The Fluorocarbon Cleaning Process occurs in three stages. The stages are not observable because they occur sequentially inside the retort under the control of the system process programmer. The process occurs during a controlled temperature rise, and thus time and temperature are correlatable.
Stage I: Crack Cleaning Stage
During the first stage, the ptfe is pyrolized to tetrafluorethylene gas and mixed with hydrogen. The surface oxides and the oxides in the cracks are converted to their fluorides by the following reactions (aluminium is used here as an example)
(1) Al2O3 + 6 HF -> 2 AlF3 + 3 H2O
When the hydrogen is lean the teflon gas cleans cracks by:
(2) 2 Al2O3 + 3 C2F4 -> 4 AlF3 + 6 CO
Most of the fluorides thus are volatile and go off in the gas stream, but CrF3 is refractory.
It will be reduced in Stage III.
Stage II: Surface Depletion Stage
This is the surface depletion stage. It begins at the point where the ptfe is completely pyrolyzed and the fluorine concentration is attenuated by continued introduction of hydrogen. Surface depletion occurs as Al and Ti are drawn to the surface by diffusion and there converted to their volatile fluorides as follows:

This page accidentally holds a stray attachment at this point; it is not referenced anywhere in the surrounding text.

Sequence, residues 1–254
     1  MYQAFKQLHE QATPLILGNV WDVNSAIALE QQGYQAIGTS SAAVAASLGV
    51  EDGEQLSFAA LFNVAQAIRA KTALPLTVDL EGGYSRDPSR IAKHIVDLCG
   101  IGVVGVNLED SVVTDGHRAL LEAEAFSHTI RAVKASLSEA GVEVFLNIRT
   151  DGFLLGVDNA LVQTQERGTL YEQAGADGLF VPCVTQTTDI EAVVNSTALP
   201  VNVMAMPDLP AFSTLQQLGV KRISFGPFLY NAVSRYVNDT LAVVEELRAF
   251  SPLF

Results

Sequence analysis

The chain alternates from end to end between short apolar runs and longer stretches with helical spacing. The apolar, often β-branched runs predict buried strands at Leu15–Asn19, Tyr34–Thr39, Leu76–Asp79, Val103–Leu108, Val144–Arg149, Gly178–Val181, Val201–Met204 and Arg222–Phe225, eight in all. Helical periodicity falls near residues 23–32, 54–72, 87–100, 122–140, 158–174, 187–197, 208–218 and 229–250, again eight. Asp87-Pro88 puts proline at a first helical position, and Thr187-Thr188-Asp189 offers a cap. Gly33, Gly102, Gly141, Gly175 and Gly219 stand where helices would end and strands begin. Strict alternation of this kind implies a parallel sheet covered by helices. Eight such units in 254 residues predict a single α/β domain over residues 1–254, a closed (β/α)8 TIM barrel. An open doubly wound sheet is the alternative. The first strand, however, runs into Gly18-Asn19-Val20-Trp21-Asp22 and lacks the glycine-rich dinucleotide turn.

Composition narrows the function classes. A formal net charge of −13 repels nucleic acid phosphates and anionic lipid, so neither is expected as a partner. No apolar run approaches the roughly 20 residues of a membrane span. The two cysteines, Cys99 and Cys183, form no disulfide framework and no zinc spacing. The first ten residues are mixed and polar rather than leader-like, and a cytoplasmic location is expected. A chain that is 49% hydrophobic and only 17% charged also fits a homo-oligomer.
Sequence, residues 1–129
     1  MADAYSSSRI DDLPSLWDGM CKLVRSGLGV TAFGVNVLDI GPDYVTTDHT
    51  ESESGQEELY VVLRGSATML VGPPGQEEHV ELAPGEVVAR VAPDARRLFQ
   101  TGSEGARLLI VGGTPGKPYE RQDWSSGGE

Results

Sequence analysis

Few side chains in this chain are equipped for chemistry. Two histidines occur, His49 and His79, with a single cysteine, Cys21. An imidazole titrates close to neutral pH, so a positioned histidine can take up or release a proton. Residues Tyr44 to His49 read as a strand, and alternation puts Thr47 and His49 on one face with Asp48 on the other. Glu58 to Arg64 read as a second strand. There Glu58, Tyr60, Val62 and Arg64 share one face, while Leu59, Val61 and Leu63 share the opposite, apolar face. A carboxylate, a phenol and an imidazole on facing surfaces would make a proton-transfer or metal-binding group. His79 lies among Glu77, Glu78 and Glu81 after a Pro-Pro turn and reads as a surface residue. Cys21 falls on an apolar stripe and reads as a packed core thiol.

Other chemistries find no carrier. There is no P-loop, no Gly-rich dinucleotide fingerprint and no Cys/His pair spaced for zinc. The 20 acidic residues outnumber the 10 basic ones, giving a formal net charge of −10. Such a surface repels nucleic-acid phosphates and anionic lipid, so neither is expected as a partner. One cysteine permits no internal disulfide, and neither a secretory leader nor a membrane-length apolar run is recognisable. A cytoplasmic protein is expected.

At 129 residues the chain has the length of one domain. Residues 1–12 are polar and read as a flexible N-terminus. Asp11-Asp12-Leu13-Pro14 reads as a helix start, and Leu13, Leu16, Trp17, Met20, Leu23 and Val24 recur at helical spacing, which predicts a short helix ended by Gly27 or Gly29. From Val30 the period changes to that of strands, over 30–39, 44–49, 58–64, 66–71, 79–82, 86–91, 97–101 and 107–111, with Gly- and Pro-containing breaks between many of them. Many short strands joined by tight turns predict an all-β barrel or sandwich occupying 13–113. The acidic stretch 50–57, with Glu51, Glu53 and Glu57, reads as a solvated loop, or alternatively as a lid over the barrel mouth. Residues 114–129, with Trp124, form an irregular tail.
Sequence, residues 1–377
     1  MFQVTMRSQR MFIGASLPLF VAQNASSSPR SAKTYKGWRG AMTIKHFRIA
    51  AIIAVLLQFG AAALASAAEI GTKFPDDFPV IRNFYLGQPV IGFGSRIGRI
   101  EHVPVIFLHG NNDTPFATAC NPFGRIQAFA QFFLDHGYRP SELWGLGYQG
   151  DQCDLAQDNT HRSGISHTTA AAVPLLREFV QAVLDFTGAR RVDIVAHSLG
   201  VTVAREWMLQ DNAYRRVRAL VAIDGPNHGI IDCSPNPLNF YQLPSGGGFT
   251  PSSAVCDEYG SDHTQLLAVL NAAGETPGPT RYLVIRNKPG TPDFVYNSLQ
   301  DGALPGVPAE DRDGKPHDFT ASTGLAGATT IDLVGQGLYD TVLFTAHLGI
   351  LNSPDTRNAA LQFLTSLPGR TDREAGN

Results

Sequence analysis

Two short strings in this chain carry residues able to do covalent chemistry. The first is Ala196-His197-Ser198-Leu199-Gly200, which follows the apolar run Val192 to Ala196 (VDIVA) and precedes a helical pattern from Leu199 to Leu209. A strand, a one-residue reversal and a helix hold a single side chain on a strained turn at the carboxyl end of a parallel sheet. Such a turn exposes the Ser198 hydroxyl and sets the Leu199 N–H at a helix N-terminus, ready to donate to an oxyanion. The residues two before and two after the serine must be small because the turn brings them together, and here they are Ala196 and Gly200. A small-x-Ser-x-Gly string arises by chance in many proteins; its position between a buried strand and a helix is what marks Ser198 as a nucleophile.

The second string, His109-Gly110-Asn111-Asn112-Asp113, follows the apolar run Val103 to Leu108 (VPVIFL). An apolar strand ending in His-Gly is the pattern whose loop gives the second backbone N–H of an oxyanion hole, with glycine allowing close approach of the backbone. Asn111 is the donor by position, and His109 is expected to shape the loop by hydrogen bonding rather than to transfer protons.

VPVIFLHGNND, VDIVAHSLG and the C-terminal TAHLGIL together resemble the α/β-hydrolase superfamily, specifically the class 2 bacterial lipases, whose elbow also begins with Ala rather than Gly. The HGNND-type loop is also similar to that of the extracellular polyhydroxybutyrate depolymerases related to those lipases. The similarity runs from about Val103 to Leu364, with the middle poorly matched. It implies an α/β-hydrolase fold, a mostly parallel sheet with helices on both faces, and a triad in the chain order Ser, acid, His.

(3) Al + 3 HF -> AlF3 + 3/2 H2
Upon completion of Stage II, a layer of cleaned depleted alloy is left on the surface. On top of that is a layer of solid CrF3. The CrF3 is the subject of Stage III.
Stage III: Reduction Stage
This is the final reduction stage. It begins when the process temperature has reached the point where reduction is possible. (This temperature is lower than that of other processes because the carbon constituent). Here, the hydrogen flow is increased to displace the retort gases, and causes the conversion of the solid CrF3 on the surface of chromium.
(4) CrF3 + 3/2 H2 -> Cr + 3 HF
At this point, the cleaning is complete and the system is cooled to accessible temperature by the most expedient means.